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Danish Bolster's board as the US expands money laundering investigation



(Reuters) – The money laundering scandal at Danske Bank A / S was deepened on Thursday when the Danish lender said it had received a request from the US Securities and Exchange Commission.

To strengthen his defense, Danske, already under investigation in a number of countries, appointed former Dutch Finance Minister and former ABN Amro Bank NV CEO Gerrit Zalm to the Board.

In Denmark, Estonia, France and the UK, Danske is investigating over EUR 200 billion ($ 226 billion) in payments that have been shown to have flowed through its Estonian branch from Russia, the former Soviet Union and elsewhere.

The secretariat is now conducting investigations and adding an ongoing criminal investigation by the US Department of Justice regarding any money laundering in the Danish Estonian branch.

The value of Denmark's largest bank has almost halved since last March, with investors affected by the threat with high fines. The news of a new investigation by the SEC pushed its shares down another 3.7% at 1

215 GMT.

Shares in Swedbank AB have also stumbled during the last two sessions after Swedish television linked the bank to the Baltic charges of money laundering. [19659002] Danske will also propose Christian Sagild, former head of the Danish insurance company Topdanmark AS / ADR, to the Board of Directors at the Annual General Meeting on March 18.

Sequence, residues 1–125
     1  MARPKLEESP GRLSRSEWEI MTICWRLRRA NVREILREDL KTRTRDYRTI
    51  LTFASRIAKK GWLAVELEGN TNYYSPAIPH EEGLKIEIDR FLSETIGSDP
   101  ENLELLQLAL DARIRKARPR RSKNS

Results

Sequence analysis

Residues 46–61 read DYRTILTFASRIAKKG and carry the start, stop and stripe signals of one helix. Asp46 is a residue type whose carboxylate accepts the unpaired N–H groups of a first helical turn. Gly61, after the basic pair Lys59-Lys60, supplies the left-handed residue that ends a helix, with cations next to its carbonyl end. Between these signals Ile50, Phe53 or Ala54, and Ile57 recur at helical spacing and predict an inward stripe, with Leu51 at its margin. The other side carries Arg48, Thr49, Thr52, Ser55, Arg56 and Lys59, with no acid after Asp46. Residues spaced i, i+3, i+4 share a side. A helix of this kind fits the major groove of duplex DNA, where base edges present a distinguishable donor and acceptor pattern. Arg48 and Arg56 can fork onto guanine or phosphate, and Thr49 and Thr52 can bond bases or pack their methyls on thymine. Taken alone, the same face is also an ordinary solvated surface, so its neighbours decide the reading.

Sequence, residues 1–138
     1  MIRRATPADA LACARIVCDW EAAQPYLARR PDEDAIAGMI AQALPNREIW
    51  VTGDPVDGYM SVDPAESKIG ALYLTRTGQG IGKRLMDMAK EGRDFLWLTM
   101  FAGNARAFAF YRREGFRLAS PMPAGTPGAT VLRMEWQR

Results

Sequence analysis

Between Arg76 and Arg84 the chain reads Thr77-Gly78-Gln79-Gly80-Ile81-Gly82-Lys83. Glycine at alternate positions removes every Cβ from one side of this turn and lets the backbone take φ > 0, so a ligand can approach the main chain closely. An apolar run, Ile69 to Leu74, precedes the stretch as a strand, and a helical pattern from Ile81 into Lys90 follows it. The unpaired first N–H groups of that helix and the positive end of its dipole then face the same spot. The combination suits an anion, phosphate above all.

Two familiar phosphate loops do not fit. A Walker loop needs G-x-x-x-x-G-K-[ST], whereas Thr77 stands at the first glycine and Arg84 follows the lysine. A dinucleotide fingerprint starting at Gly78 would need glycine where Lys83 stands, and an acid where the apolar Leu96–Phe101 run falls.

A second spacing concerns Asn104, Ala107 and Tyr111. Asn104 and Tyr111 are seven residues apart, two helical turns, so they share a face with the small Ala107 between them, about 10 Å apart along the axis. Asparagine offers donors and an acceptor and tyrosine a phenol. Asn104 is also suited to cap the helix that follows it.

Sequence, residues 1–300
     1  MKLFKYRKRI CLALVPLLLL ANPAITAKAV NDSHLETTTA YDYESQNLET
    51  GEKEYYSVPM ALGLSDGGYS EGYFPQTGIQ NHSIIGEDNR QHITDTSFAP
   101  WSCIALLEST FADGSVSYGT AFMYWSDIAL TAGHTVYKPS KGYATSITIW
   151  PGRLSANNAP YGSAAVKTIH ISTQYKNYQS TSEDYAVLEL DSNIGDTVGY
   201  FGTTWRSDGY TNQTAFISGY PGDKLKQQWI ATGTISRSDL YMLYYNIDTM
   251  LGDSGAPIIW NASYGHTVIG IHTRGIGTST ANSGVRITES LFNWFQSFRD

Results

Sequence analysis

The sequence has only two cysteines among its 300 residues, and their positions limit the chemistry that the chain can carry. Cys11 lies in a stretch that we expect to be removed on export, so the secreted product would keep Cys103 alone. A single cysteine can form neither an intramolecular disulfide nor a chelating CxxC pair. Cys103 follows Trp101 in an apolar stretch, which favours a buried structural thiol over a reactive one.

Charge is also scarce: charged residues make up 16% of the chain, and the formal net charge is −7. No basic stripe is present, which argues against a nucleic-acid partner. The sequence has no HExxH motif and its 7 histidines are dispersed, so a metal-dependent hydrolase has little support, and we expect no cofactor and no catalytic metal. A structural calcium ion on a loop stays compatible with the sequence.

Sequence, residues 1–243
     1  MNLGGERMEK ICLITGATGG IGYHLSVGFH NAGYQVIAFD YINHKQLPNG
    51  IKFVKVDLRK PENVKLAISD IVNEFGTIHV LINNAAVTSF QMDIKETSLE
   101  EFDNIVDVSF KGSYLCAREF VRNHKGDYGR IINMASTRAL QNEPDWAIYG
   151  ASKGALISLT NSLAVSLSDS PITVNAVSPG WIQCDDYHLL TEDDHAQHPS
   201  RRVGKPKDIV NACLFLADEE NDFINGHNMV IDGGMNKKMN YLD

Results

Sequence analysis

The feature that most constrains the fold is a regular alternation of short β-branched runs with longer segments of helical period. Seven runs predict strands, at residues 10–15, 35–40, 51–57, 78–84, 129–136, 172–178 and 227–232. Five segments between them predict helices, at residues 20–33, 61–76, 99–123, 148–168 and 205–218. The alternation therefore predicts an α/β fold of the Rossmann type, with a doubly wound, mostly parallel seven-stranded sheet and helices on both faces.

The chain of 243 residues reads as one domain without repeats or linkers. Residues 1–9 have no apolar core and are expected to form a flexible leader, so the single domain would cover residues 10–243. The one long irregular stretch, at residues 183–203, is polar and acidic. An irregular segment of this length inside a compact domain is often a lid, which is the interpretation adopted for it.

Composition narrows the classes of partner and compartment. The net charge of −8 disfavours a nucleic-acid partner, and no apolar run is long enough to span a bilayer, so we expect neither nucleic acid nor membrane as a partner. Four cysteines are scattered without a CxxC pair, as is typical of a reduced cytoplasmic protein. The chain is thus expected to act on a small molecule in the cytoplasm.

Nomination of Zalm and Sagild to the Board is the first concrete step by Karsten Dybvad, who took over as chairman in December.

Mr. Dybvad, former head of the Danish corporate group and a former government official, has been assigned the task of appointing a new permanent CEO after Thomas Borgen resigned in September last year.

"We have no information about when the investigations are carried out by DoJ and the SEC is expected to be completed, and we do not know what the results will be," says interim manager Jesper Nielsen.

The new survey came just two days after Estonia's financial regulator took the unexpected step of requiring Danske to close its branch there and repay customers' deposits within eight months, which is considering the lender's plan to scale back but keep business in the country.

                    


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